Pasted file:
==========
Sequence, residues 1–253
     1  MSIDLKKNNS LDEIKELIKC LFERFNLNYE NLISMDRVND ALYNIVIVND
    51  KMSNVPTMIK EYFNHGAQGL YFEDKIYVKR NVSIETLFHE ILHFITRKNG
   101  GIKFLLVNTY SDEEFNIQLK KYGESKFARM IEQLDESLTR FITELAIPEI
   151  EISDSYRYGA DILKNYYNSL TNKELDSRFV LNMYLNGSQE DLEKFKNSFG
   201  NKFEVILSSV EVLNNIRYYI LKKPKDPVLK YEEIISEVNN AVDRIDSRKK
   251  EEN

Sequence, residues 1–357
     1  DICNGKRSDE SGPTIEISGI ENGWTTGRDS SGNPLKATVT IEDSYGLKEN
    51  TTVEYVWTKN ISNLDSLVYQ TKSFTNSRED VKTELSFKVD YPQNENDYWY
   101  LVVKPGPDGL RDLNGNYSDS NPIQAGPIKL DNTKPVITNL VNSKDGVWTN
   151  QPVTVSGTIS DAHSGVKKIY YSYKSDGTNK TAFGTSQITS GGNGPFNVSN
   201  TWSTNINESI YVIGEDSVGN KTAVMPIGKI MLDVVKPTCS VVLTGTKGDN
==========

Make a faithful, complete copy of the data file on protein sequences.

Sequence, residues 1–253
     1  MSIDLKKNNS LDEIKELIKC LFERFNLNYE NLISMDRVND ALYNIVIVND
    51  KMSNVPTMIK EYFNHGAQGL YFEDKIYVKR NVSIETLFHE ILHFITRKNG
   101  GIKFLLVNTY SDEEFNIQLK KYGESKFARM IEQLDESLTR FITELAIPEI
   151  EISDSYRYGA DILKNYYNSL TNKELDSRFV LNMYLNGSQE DLEKFKNSFG
   201  NKFEVILSSV EVLNNIRYYI LKKPKDPVLK YEEIISEVNN AVDRIDSRKK
   251  EEN

Sequence, residues 1–357
     1  DICNGKRSDE SGPTIEISGI ENGWTTGRDS SGNPLKATVT IEDSYGLKEN
    51  TTVEYVWTKN ISNLDSLVYQ TKSFTNSRED VKTELSFKVD YPQNENDYWY
   101  LVVKPGPDGL RDLNGNYSDS NPIQAGPIKL DNTKPVITNL VNSKDGVWTN
   151  QPVTVSGTIS DAHSGVKKIY YSYKSDGTNK TAFGTSQITS GGNGPFNVSN
   201  TWSTNINESI YVIGEDSVGN KTAVMPIGKI MLDVVKPTCS VVLTGTKGDN